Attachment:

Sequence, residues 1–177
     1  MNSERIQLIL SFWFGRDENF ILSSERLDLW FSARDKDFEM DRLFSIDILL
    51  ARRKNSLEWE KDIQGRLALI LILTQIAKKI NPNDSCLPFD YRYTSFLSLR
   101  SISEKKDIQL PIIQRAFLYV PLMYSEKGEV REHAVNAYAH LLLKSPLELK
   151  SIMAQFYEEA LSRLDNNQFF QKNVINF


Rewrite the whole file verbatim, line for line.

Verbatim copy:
Sequence, residues 1–177
     1  MNSERIQLIL SFWFGRDENF ILSSERLDLW FSARDKDFEM DRLFSIDILL
    51  ARRKNSLEWE KDIQGRLALI LILTQIAKKI NPNDSCLPFD YRYTSFLSLR
   101  SISEKKDIQL PIIQRAFLYV PLMYSEKGEV REHAVNAYAH LLLKSPLELK
   151  SIMAQFYEEA LSRLDNNQFF QKNVINF